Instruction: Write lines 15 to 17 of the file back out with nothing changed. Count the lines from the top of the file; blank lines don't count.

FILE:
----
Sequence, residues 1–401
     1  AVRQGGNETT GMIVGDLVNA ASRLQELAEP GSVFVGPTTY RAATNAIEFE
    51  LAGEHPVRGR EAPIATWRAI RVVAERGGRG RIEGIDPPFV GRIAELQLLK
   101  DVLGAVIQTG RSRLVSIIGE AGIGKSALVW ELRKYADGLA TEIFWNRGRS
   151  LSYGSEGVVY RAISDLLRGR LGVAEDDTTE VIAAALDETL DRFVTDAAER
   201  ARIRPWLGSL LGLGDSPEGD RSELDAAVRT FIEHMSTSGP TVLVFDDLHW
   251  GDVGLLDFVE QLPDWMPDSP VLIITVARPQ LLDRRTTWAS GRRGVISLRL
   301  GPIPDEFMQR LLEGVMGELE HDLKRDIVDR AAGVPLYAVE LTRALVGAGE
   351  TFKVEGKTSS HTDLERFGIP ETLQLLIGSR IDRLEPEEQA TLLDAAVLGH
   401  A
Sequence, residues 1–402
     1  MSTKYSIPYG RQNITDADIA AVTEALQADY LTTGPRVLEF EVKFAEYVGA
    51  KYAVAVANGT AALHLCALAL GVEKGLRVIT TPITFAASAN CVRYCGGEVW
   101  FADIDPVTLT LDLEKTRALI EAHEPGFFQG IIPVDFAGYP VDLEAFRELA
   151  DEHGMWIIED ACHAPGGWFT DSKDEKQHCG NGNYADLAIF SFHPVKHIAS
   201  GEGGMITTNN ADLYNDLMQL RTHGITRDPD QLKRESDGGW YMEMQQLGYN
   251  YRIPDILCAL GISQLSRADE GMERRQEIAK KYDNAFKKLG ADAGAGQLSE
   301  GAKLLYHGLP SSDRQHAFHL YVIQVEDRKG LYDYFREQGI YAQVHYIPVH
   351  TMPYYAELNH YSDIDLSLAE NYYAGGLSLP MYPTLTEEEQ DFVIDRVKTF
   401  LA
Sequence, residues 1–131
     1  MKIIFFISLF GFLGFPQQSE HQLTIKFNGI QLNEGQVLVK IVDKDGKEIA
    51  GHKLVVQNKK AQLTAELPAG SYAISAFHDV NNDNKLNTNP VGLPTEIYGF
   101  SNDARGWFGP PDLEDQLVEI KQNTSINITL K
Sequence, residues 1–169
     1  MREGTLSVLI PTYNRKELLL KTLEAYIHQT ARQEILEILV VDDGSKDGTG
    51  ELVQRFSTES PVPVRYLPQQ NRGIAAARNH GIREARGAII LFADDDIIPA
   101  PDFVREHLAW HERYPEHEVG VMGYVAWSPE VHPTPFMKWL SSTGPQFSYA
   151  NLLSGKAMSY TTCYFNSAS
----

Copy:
   151  DEHGMWIIED ACHAPGGWFT DSKDEKQHCG NGNYADLAIF SFHPVKHIAS
   201  GEGGMITTNN ADLYNDLMQL RTHGITRDPD QLKRESDGGW YMEMQQLGYN
   251  YRIPDILCAL GISQLSRADE GMERRQEIAK KYDNAFKKLG ADAGAGQLSE